Headmaster Bill Taylor’s first Chapel Talk of 2018 focused on how we view new year’s resolutions. “Mine are not so much things that I resolve to do (or not do), because we often fall short and then usually lose focus on the resolutions. I prefer to focus on goals for the community that would be transformative and enriching for each of us in the year to come,” Taylor explained.
Here are Taylor’s top ten goals for the year:
Work hard – hard work is a transformative value that can be the deciding difference in achievement, success, and happiness outside of academics. Trinity-Pawling’s ethos of effort, manifested in the Effort System, is training for life in this regard.
Laugh – laughter releases endorphins that strengthen the immune system, relieves stress, adds years to our lives, relaxes us, and connects us to others.
Try not to be anxious over things that we cannot control – admittedly a tough one for me, as I acknowledge lying in my bed at 3:00 AM, unable to sleep.
Try something new – join a club, join Mr. Burnham for his weekly improv sessions, sing in the choir.
Practice positivity – know that we can have a positive or negative attitude about the things that come our way. As Charles Swindoll says, “I am convinced that life is about 10% of what happens to me and about 90% of how I react to it—and so it is with you—we are in charge of our attitudes.”
Create new friendships – several new students have joined our community mid-year. Remember what it’s like to be new—reach out to them and welcome them.
Practice empathy – Google has actually worked this type of skill into its employee development program, called the Aristotle Project. They have done this because research tells us that empathy, being able to see the perspective and anticipate the feelings of others, is a critical skill in building community, including a productive workplace community.
Be respectful – recognize that the people, places, and activities that surround you have meaning and value in our lives and will continue to do so into the future. By learning how to respect these entities, our self-respect is strengthened. We live in a world that has become increasingly disrespectful. Let’s push back at this in this community by strengthening our commitment to respect others, including those who have different opinions than us. Let’s not be polarized by disrespect.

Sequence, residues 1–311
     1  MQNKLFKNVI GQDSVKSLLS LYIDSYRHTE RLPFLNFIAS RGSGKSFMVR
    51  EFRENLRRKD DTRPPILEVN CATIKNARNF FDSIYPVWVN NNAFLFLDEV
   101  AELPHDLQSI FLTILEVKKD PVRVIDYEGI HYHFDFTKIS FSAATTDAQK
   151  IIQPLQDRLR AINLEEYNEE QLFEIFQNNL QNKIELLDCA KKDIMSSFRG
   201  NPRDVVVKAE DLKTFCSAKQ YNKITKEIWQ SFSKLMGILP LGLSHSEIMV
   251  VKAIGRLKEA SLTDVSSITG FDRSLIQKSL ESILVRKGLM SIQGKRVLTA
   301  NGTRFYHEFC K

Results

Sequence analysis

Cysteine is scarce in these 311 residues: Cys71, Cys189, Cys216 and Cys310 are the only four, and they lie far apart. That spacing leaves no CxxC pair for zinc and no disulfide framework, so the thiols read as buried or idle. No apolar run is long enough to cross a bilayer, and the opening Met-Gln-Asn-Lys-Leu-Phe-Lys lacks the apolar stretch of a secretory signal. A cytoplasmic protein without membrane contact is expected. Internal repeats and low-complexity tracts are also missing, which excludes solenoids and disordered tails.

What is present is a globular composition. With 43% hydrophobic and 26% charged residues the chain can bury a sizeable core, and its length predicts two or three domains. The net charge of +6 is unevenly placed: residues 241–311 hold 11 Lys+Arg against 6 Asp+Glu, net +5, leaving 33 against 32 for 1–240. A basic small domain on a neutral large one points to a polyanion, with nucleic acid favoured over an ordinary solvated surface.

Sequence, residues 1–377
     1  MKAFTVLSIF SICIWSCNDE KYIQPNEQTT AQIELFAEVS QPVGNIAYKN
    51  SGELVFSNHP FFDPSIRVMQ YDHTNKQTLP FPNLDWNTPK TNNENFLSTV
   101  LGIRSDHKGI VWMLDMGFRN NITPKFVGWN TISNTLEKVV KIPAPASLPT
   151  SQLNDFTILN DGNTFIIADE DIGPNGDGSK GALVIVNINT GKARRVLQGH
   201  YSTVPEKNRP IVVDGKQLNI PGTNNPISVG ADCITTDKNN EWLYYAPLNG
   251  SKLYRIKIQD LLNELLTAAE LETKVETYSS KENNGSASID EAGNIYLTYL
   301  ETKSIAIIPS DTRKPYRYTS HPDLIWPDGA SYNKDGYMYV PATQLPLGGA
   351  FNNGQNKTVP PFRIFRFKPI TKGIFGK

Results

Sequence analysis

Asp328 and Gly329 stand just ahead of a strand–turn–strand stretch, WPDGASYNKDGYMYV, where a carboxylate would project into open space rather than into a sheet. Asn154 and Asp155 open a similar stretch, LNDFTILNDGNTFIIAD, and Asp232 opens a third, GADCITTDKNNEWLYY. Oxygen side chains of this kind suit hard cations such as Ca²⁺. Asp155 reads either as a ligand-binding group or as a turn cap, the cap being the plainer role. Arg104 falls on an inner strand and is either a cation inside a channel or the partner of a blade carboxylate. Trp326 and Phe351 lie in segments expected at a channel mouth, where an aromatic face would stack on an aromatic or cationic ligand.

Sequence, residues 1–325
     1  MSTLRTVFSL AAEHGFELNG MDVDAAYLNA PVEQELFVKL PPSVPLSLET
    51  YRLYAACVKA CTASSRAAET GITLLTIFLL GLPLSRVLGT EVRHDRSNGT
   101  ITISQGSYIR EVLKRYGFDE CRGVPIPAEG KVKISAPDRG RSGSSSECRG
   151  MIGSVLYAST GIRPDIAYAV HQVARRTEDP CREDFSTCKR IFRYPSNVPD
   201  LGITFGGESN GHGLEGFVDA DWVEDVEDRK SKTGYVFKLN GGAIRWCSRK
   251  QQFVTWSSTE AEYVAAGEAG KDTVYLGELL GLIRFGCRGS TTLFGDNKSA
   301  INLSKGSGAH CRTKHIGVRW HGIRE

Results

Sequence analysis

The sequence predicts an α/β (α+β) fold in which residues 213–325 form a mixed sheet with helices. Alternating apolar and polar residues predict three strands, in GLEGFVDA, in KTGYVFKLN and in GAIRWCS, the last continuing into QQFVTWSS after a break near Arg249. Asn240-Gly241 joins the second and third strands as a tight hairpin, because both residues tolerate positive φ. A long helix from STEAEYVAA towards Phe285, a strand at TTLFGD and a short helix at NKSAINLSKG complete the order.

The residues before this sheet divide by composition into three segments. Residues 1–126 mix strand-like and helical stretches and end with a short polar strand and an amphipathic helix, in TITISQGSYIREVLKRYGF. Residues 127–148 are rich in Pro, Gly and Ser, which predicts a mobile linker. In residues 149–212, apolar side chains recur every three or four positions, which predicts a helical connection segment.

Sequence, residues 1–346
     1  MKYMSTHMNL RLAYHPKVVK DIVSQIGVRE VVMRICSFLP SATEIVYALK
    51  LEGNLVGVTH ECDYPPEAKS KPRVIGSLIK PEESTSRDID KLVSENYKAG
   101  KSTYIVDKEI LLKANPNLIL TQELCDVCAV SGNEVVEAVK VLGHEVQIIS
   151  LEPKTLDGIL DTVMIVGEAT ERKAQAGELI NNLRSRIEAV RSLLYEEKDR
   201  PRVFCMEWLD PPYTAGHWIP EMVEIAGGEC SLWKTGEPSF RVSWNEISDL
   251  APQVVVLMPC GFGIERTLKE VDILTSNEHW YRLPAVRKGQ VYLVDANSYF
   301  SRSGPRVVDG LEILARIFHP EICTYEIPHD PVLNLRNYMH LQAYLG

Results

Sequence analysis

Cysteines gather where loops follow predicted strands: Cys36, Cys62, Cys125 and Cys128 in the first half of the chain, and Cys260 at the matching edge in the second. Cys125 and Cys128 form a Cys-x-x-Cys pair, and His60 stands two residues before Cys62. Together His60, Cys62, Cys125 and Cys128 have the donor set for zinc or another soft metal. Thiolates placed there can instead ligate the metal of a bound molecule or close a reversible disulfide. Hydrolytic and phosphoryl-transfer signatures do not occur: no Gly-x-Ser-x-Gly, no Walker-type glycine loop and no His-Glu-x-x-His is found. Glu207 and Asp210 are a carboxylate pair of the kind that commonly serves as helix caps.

Be kind – We are actually born hard-wired for kindness, but it too often gets consumed by self-centeredness. Kindness is a strength, but because it involves making ourselves vulnerable we too often can see it as a weakness. It is actually self-centeredness that is our weakness. Be kind to others.
Be self-aware – allow ourselves to be increasingly aware of our gifts, talents, aspirations, and dreams. Self-awareness is a commodity that can easily get lost amidst that accelerated pace of our lives. We don’t have time to reflect on who we are and want we want to become as individuals. Let’s spend time being dedicated to self-awareness. I think it could be the most important of these resolutions because self-awareness allows us to grow and growth is essential for a healthy life, as individuals and as a community.
Follow Bill’s blog here www.trinitypawling.org/headmasterblog
So much of life and work success comes down to who you know. In a world where connections are everything, a new platform, Jopwell, is facilitating thousands of them for Black, Latinx and Native American students and professionals. Trinity-Pawling’s own David Riley ‘03 is on the company’s sales team and to date, he and his colleagues have secured accounts with companies such as Adobe, Goldman Sachs, Facebook, Pfizer, UBS, and the NBA, to name just a few.
“There is tremendous value in fostering diverse workplaces, yet many organizations struggle to attract and retain employees from these underrepresented communities. I was lucky—I used family connections to secure a four-year internship on Wall Street that opened my world to a number of different jobs I wasn’t aware existed. This is simply not the case for so many minorities. Through both automated and person-to-person processes, Jopwell is able to help match students and professionals with just the right job and company for their skillset, background, and interests,” Riley says.
The brainchild of two Goldman Sachs traders, Jopwell was created to fill a void in the employment marketplace. Founders Porter Braswell and Ryan Williams identified the very definite gap between the amount of talented minority candidates and their ability to secure jobs at high profile, desirable businesses. At the same time, these very companies were looking for ways to expand and diversify their workforce. A successful pitch at a Y Combinator “Demo Day,” landed them venture capital funding (from the likes of Magic Johnson Enterprises and seven others!) to start Jopwell, which has grown from an idea on the trading floor to a 40-person company—with plans to expand again soon.
“I love what I do here. There is nothing more satisfying than hearing the collective cheer of our team when another employee is hired by their dream company. Knowing that I played a part in helping make connections for people who may not have them already—it’s gratifying work.”